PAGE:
For the 2-mercaptobenzimidazole compound be used in this invention, a compound represented by the following formula or a tautomer thereof is suitable. ##STR1## where each of R.sup.1 through R.sup.4 is a hydrogen atom or a lower alkyl group, particularly a methyl group or an ethyl group, and X is a hydrogen atom, an alkali metal, or ammonium.
Of these compounds of the formula, 2-mercaptobenzimidazole, each of R.sup.1 through R.sup.4 being H, X being H; methyl-2-mercaptobenzimidazoles, at least one of R.sup.1 through R.sup.4 being methyl, X being H; and sodium salts thereof, X being Na; are preferable.
The phenolic antioxidant compound used in this invention can be selected from those proposed for inhibiting of oxidation of various organic compounds. This phenolic antioxidant compound, in general, is an alkyl phenolic compound having a substituent exhibiting a steric hindrance effect such as, for example, a tertiary butyl group, at one or both ortho positions, that is a so-called hindered phenolic compound.
Specific examples of phenolic antioxidants suitable for use in this invention are: 2,2'-methylene bis-(4-lower alkyl (particularly methyl or ethyl)-6-tertiarybutylphenol); 4,4'-butylidene-bis(3-lower alkyl (particularly methyl or ethyl)-6-tertiarybutylphenol); 3,5-ditertiarybutyl-4-hydroxybenzyl alcohol; and lower alkylethers (particularly methyl or ethylethers) thereof.
While the ratio of the quantities of the two compounds (A) and (B) can be any value provided that the aforementioned synergistic effect is exhibited, a mol ratio (A)/(B) of the order of 0.1 to 20, particularly 0.2 to 5, is preferable, in general.
While the quantities in which the two compounds are used are not particularly restricted provided that the results of their use are observable, it is preferable, in general, that the total quantity of the two compounds used be of the order of 0.01 to 20 parts, particularly 0.1 to 10 parts by weight relative to 100 parts by weight of the acrylamide polymer. We have found that when this total quantity is less than 0.01 part by weight, the stabilizing effectiveness is low. On the other hand when this total quantity exceeds 20 parts by weight, almost no improvement due to the use of these compounds is discernable, whereby the use of these compounds in such large quantities is uneconomical.
The acrylamide polymers with which this invention is concerned is a homopolymer of acrylamide, acrylamide copolymers containing a predominant quantity of the acrylamide component, and mixtures thereof.
Examples of comonomers in the case of a copolymer are methacrylamide, (meth)acrylic acid and salts thereof, (meth)acrylonitrile, 2-acrylamide-2-methylpropanesulfonic acid and salts thereof, dimethylaminoethyl (meth)acrylate, lower alkyl acrylates, vinylpyridine, and other hydrophilic monomers.
The term "(meth)acryl-" as used herein is intended to include acryl- and methacryl-. The term "copolymer" as used herein is intended to include, in addition to copolymers obtained from a copolymerization reaction starting with the constituent comonomers, those obtained by modifying polymers thereby to render them compositionally into copolymers. Examples of the latter class of copolymers are those in which a part (for example, 50 mol percent or less) of the amide group of a homocopolymer of acrylamide is converted into another functional group by a reaction such as hydrolysis, methylolation or conversion into a Mannich base.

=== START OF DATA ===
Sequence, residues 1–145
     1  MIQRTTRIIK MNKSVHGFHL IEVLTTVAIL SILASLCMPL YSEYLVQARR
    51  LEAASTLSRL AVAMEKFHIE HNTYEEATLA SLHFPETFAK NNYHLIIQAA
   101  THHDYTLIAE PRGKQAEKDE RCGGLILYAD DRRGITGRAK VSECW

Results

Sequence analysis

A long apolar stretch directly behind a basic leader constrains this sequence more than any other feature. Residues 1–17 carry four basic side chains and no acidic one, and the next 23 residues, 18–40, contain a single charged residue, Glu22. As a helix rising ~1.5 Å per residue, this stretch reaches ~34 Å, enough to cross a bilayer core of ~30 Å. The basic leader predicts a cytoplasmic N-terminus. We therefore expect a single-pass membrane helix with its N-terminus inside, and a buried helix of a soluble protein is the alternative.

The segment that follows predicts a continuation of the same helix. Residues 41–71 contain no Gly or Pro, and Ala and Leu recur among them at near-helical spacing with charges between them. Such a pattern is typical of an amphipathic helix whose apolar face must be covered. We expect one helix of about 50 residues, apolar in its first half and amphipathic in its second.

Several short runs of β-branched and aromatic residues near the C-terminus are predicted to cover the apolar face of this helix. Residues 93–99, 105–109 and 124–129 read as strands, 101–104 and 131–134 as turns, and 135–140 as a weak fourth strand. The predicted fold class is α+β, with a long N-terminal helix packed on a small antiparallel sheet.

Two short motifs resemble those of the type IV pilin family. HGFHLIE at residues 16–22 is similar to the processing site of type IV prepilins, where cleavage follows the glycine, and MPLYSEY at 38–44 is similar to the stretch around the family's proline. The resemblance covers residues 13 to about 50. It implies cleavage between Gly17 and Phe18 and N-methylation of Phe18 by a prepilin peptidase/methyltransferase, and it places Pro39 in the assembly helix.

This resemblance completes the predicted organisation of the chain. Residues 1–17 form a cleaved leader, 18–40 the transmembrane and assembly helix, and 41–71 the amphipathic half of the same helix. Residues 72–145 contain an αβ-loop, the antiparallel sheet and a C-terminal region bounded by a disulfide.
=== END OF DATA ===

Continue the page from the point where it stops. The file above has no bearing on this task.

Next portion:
While there are no definite requirements for the molecular weights of these polymers, they are ordinarily made relatively large in view of their use and also so that maximum effectiveness due to this invention will be exhibited. More specifically, the molecular weight of each of these polymers is, for example, at least 500,000 (as measured by the light-scattering method).
The water for producing aqueous solutions of polymers of this character may be, in addition to city (tap) water, water for industrial use, and water from rivers and streams, water having various soluble materials dissolved in it. (It will be obvious, of course, that the kind and quantity of such materials dissolved must not be such as to give rise to separation of the acrylamide polymer). Examples of such kinds of water are salty water such as ocean water or brackish water.
While the concentration of an aqueous solution of an acrylamide polymer to be stabilized according to this invention varies with the molecular weight of the polymer, it is ordinarily of the order of approximately 0.0001 to approximately 30 percent by weight, particularly approximately 0.0001 to approximately 5 percent by weight, in the case of a polymer of a molecular weight of 500,000 or more.
The stabilization of an aqueous solution of an acrylamide polymer or the preparation of a stabilized aqueous solution of the polymer can be carried out by any of various modes suitable for causing the stabilizing agent of this invention to become existent in this aqueous polymer solution.
One such method comprises adding the compounds (A) and (B) of the stabilizer of this invention together or separately, directly as they are or in the form of a solution or a dispersion, to the aqueous polymer solution which may be in gel state in some cases depending on the molecular weight or concentration of the polymer. When this aqueous polymer solution is to be made by dissolving a solid polymer, the stabilizer compounds in powder state can be mixed with the solid polymer by means of a mixer, blender, or the like, or the stabilizer compounds can be dissolved in the water which is the solvent.